Great Chesapeake Bay Schooner Race 2017 Begins Festivities: If you are lucky enough to live somewhere where a few dozen schooners convene every year, under sail, in your home waters, you know what a heart-stopper such a gorgeous sight can be. That’s how we feel along the Chesapeake in October, just after the U.S. Sailboat Show, when the weeklong festival known as the Great Chesapeake Bay Schooner Race (GCBSR) unfolds.
Baltimore is an ideal starting point, geographically and historically, for the 30 schooners entered in the 2017 event. Yesterday, the festival kicked off with a Salute to Schooners at 10 a.m. and a full day of open docks at the Baltimore Marine Center in Canton. Today, all schooners were to have been docked by noon.
Spectators love the 5 p.m. Parade of Sail, which may be viewed from Canton, Fells Point, and Harbor East and Inner Harbor shorelines. (Spectator vessels should allow ample room for the vessels to maneuver safely.) An All Hands Party in Fells Point takes place at 7 p.m.
On the big day of the race, Thursday, after a captains meeting at 7:30 a.m., vessels begin the 21-nautical-mile voyage to Annapolis—again a spectator opportunity. The GCBSR start is at 1:30 p.m. just south of the Chesapeake Bay Bridge. Annapolitans are never quite sure whether they’ll be packing their sun hats or foulies for this exciting moment, but since the race is on the early side this year, we’re thinking sun hats!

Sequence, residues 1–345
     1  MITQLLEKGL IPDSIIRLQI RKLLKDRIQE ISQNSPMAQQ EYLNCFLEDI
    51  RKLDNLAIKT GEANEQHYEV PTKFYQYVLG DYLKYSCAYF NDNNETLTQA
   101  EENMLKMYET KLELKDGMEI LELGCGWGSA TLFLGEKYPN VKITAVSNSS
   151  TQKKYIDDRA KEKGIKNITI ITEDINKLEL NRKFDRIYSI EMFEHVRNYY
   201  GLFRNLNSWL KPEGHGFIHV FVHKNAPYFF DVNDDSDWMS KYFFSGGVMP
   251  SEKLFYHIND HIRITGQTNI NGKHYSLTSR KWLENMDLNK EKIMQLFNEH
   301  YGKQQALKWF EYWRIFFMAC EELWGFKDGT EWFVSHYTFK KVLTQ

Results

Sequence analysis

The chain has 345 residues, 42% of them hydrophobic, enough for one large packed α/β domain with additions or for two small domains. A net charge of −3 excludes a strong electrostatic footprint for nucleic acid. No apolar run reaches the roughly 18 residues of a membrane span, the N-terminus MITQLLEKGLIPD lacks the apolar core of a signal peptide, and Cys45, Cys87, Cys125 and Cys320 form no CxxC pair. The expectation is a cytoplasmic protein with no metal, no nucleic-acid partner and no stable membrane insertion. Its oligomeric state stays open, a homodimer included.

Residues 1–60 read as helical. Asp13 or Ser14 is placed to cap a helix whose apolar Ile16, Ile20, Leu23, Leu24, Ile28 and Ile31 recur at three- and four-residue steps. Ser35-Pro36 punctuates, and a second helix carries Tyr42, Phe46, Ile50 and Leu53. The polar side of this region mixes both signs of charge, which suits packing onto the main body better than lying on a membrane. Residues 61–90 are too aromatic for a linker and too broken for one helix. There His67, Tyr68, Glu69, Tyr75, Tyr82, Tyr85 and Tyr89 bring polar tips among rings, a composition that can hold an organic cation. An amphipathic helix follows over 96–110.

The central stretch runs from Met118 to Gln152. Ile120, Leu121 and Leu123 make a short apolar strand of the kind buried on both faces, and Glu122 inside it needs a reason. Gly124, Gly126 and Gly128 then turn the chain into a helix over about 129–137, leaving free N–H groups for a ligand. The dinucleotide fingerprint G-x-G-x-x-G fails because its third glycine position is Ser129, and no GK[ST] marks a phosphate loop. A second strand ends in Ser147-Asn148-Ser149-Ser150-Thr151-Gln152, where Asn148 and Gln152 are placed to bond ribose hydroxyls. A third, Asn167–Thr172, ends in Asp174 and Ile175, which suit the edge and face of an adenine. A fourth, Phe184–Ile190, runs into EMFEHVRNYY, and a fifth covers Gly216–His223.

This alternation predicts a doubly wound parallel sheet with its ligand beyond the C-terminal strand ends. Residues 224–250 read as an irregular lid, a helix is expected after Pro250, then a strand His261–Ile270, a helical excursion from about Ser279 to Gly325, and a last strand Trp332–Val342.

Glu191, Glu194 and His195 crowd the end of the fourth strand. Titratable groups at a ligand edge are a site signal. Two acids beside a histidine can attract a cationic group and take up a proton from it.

The 130-mile race down the Bay to Portsmouth, VA, provides crews with a variety of sailing conditions and challenges (ships, fish traps), sometimes starry skies, and always memorable times with shipmates who become lifelong friends. Schooner sailors are a tight-knit bunch, and according to all who attend the post-race awards, pig roasts, and chantey sing-a-longs in Portsmouth, these sailors know how to party.
It’s not just about fast sailing or grog swilling for GCBSR racers, though—they’ve raised thousands of dollars over the years for education programs at the Chesapeake Bay Foundation. This explains the tagline: “Racing to Save the Bay.”
Some competing schooners, such as the Woodwind and the Pride of Baltimore II, offer crew opportunities for a fee. Woodwind Captain Jennifer Kaye, who will compete in the GCBSR for her 25th time in 2017, told us that these crew positions are so popular that you need to sign up as soon as the crew positions open up in January. At print time, Pride still had crew positions available for $1000 each (pride2.org).